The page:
When I was growing up in Bangor, I learned the value of hard work, the importance of community and the responsibility of public service.
These are simple, common sense values that many of our leaders in Washington seem to have forgotten. If you’ve got a job to do, you do it. If you have a deadline, you meet it. When people are depending on you, you do your absolute best not to let them down.
This past October, for the third year in a row, Congress did not abide by these simple values, beginning another fiscal year without a budget in place. In fact, it has been over 1,000 days since Congress passed a concurrent budget resolution. That’s over three years without a clear fiscal plan to guide our nation into an increasingly difficult future.
It obviously isn’t enough to just talk about the need for bipartisan cooperation. We’ve all done that until we’re blue in the face, and they aren’t listening. Clearly, Congress needs more meaningful incentives to do its job, set priorities and pass a budget on time.
OK. If they can’t do their job, then they shouldn’t be paid.
This basic concept is the foundation of the No Budget, No Pay Act introduced in the House of Representatives and Senate in December. The bill will go before the Senate Homeland Security and Government Affairs committee, on which Sen. Susan Collins is the senior Republican, on March 7.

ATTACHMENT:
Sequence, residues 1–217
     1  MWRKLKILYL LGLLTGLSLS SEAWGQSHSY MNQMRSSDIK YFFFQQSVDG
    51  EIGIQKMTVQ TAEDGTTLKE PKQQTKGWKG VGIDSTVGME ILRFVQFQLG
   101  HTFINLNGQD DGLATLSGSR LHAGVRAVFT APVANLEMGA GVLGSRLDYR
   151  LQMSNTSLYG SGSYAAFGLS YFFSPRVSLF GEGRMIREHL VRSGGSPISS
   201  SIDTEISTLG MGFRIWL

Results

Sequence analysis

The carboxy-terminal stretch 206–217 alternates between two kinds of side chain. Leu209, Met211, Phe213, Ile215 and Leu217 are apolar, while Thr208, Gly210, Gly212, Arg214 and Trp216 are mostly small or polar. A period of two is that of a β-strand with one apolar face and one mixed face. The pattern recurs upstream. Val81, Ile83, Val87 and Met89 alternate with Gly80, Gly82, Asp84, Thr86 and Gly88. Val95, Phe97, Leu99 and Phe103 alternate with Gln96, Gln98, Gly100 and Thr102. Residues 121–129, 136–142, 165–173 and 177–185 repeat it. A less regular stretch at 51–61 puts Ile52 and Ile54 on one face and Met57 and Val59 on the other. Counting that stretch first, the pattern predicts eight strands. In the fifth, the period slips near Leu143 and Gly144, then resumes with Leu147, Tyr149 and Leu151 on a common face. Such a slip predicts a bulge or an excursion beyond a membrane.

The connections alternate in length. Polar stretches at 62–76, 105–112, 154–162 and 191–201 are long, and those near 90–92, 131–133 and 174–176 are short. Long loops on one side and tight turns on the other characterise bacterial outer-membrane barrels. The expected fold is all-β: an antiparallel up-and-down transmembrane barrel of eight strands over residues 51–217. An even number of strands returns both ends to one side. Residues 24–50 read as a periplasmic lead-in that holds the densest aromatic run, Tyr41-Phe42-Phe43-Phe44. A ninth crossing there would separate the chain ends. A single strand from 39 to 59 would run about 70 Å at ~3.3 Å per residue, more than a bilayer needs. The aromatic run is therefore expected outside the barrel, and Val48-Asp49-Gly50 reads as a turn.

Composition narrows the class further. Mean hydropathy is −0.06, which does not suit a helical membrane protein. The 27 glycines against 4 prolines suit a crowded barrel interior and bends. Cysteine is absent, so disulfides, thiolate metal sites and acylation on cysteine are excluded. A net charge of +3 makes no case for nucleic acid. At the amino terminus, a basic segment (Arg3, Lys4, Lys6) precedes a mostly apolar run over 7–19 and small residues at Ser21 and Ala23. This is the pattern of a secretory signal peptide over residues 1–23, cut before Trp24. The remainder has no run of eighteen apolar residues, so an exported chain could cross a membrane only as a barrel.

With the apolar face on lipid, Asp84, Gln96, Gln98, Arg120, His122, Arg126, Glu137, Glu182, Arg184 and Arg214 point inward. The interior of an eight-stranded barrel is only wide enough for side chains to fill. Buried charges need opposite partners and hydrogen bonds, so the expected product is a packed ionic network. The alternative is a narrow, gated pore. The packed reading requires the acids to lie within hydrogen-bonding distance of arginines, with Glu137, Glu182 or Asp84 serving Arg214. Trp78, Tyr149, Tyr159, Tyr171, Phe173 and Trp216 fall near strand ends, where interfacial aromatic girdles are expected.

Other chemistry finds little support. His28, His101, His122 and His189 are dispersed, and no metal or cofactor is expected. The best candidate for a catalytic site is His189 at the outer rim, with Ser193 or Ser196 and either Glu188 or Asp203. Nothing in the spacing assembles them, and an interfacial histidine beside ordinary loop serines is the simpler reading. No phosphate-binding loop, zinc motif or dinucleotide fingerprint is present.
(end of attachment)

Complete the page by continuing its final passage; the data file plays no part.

The No Budget, No Pay Act is one of a dozen proposals by the citizen-based congressional reform organization, No Labels ( NoLabels.org), which advocates for common sense solutions to make a gridlocked and hyperpartisan Congress work.
At a time of economic struggle, we need our government leaders — in both Washington and Augusta — to put aside partisan point scoring and focus on getting the job done.
Congress had a job to do, but didn’t do it. Members had a deadline, but they didn’t meet it. The nation is depending on them, but members of Congress let them down.
When I worked at the White House Office of Management and Budget, my colleagues and I knew we had to make tough decisions about where to spend and where to invest, when to cut and when to say no. In preparing the federal budget we made those tough choices, and in these tough economic times, Congress must begin to do the same.
It’s time to let Congress know we are ready to hold them accountable to do their civic duty.
Sen. Collins is a member of the Homeland Security and Government Affairs committee and a leading voice on this issue. Please let her and Sen. Olympia Snowe and Rep. Chellie Pingree know that you support No Budget, No Pay (Rep. Mike Michaud is already a co-sponsor) and go tonolabels.org to ask them to support the measure and attend the hearing on March 14.